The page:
The Paigah’s necropolis

Updated - January 22, 2018 10:56 am IST

Published - January 21, 2018 12:15 am IST

A visit to what some call the Taj Mahal of the south

What comes to your mind when you think of Hyderabad? Sumptuous haleem and biryani, perhaps? Or the beautiful icon of the city, Charminar? Or maybe the unique khada dupatta and its accompanying necklaces, if you love clothes and handicrafts. All of these are understandable connections. Few would relate Hyderabad to an exquisite necropolis that is hidden away in the heart of the city, which I discovered recently thanks to a friend.

Dilapidated graves

At the entrance of the Pisal Banda suburb in Santosh Nagar, I stopped at a small café and asked for directions to this necropolis. No one seemed to have a clue. As I was following the GPS, I decided to trust it and ventured deeper into the crowded alley. Soon I saw a modern grave enclosure with the words ‘Paigah Tombs’ written on it there. I felt a little cheated, but then to my delight, just behind the grave enclosure was a white gateway which I entered.


On my right lay many dilapidated graves inside a rectangular enclosure. Some were as new as 2009, while some others were at least a century old and reminded me of verses on the dismaying finality of death and the futility of gathering wealth.

With my loud sighing at this state of disrepair, I managed to attract the attention of a caretaker of the Archaeological Survey of India (ASI), Rahmat, who then gave me a conducted tour.

In the courtyard were intricate work on the walls and small cupolas with Grecian horns on the roof, which were not only breathtaking but also striking in their originality. I had never seen work like this before. There were limestone trellises, ornamented pillars and roundels on the façade of the tombs. “You won’t find such work anywhere in the south or north,” Rahmat said proudly.


And how can it be that we speak of a tomb and someone hasn’t already compared it to the Taj Mahal? This is called the Taj of the south, Rahmat said, which I frankly think is gross injustice. There is no similarity in the architectural styles of the two tombs and this one is beautiful in its own right.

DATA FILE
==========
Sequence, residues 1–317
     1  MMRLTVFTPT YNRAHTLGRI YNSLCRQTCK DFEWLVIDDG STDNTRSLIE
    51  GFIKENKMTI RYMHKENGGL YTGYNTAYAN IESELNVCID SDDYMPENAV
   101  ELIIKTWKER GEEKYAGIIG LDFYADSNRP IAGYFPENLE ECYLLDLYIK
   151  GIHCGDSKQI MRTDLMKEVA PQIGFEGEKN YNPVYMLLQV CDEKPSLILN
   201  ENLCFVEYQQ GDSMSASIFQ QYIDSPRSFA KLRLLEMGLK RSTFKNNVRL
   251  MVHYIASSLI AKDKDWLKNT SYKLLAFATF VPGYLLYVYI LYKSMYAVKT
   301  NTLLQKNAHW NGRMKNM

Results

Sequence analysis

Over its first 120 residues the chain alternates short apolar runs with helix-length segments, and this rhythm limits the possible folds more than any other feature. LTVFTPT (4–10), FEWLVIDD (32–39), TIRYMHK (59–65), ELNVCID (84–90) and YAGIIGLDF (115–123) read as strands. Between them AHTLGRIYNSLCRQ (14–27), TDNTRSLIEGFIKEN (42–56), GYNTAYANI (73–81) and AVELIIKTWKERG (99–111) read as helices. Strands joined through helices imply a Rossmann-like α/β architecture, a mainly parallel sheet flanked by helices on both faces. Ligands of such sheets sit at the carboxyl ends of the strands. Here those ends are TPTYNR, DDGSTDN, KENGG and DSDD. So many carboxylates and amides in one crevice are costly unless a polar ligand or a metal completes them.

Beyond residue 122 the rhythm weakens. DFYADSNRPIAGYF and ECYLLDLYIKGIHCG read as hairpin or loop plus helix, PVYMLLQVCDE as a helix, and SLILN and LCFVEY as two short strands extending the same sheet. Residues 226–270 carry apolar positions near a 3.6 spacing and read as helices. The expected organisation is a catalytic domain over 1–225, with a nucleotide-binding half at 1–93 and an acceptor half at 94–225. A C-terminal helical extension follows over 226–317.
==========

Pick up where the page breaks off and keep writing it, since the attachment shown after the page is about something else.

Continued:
Origin of the name

The Maqbara Shams-ul-Umara, now better known as the Paigah Tombs, belongs to a family which was ranked only second to the Nizam of Hyderabad and to whom it was allied through matrimony. The family members were fierce loyalists of the Nizam and maintained an army to fight for the Nizam.

The word Paigah, which means pomp and rank in Persian, was a title given by the second Asaf Jahi Nizam of Hyderabad to the estate of Nawab Abul Fateh Taig Jung Bahadur in appreciation of the royal services rendered by him. The nawab was also conferred with the title of Shams-ul-Umra, which gives the tombs their name.

The first tomb, built in the 18th century and of Makrana marble, is that of Shams-ul-Umra, or the Sun of the Nobles, himself. It is delicate, with limestone and stuccowork on its enclosures. Twenty-seven members of the Paigah family, including the famous Nawab Sir Vicar-ul-Umra, are buried here.

The tombs all lie in a row under a foliated arched gallery with ornamented pillars and spectacular limestone jaalis on the façade of the buildings.

There are a number of open double storey enclosures that mostly hold several tombs inside. Each enclosure has limestone jaalis on the walls and exquisite carved teak doors as entrances. Each jaali is unique — some have motifs of fruits and flowers; others have drums, serpents, and vases.

The crypts are made of marble with intricately designed qalams (pen made of dried reed) or takhtis (slate) and headstones. A qalam or small raised mound on the cenotaph denotes that the grave belongs to a man, and a flat design of a slate denotes that a woman is buried here.

The architectural style inside the tombs and galleries is a mix of Rajasthani, Deccani and Persian, while the design on the roof is Moorish. The 30-acre compound also includes a mosque. Prayers are still held here. The sounds of the azaan and namaz waft over the graves. The Paigah family has handed over this architectural marvel to the ASI as part of our national heritage for safekeeping.

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